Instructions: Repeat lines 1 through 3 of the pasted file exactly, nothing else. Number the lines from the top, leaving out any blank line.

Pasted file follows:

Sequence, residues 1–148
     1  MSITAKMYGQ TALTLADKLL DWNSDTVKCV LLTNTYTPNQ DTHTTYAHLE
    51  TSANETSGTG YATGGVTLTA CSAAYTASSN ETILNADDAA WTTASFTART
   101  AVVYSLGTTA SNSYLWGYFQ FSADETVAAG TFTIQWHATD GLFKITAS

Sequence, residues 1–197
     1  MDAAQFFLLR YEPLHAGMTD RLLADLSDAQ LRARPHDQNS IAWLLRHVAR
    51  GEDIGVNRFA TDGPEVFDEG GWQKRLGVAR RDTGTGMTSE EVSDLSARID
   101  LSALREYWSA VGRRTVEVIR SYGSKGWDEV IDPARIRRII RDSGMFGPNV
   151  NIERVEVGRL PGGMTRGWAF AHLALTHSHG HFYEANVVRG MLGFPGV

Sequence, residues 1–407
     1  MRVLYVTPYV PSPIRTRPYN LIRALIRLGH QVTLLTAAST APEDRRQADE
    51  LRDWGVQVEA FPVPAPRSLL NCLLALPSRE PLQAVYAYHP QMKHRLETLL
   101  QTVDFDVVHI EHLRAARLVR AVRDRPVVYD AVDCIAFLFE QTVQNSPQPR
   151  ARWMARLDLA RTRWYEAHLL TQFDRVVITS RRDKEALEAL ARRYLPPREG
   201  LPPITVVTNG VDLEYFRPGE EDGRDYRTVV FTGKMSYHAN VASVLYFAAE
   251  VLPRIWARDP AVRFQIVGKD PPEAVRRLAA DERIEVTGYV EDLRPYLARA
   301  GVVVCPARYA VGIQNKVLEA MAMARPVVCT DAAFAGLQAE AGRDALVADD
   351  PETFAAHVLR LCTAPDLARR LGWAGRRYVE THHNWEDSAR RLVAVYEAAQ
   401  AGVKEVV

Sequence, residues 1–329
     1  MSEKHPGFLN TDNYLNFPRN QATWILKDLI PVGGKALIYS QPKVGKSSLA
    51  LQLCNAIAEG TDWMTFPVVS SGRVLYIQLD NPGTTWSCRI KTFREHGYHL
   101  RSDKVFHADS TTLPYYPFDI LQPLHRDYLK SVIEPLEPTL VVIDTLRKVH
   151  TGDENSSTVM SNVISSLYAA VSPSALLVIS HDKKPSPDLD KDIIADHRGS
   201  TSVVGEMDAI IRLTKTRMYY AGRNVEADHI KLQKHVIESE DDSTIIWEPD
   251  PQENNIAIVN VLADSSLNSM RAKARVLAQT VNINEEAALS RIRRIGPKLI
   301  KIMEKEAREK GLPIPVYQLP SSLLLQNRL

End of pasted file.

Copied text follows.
Sequence, residues 1–148
     1  MSITAKMYGQ TALTLADKLL DWNSDTVKCV LLTNTYTPNQ DTHTTYAHLE
    51  TSANETSGTG YATGGVTLTA CSAAYTASSN ETILNADDAA WTTASFTART